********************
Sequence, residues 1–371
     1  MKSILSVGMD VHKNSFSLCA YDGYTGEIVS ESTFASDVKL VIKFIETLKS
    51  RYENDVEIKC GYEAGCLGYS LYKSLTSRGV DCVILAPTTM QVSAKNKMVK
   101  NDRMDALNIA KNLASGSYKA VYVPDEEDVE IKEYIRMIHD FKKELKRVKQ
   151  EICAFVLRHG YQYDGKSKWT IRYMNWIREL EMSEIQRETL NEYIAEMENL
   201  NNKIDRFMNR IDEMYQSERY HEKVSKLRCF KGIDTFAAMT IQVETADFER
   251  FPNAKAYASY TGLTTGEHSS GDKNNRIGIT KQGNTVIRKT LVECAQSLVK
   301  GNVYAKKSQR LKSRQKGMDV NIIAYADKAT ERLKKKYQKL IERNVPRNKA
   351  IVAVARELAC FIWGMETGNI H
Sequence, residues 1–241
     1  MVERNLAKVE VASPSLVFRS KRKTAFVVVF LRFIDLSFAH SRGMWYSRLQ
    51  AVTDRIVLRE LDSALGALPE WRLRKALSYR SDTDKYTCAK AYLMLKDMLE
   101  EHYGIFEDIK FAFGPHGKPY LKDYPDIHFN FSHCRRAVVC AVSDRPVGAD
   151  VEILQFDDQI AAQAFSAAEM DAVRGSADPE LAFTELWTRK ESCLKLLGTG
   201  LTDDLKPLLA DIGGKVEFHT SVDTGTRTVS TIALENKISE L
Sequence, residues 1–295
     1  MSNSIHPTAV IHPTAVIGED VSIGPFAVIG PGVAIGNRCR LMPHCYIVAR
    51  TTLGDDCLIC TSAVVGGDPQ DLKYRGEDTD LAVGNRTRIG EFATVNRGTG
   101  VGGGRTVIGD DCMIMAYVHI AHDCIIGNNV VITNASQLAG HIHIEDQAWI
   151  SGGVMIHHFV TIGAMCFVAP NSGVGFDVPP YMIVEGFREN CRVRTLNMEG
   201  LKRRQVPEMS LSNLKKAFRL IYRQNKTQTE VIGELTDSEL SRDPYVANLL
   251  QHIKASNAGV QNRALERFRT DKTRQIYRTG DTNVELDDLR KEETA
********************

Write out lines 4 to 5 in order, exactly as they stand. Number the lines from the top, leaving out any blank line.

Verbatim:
   101  NDRMDALNIA KNLASGSYKA VYVPDEEDVE IKEYIRMIHD FKKELKRVKQ
   151  EICAFVLRHG YQYDGKSKWT IRYMNWIREL EMSEIQRETL NEYIAEMENL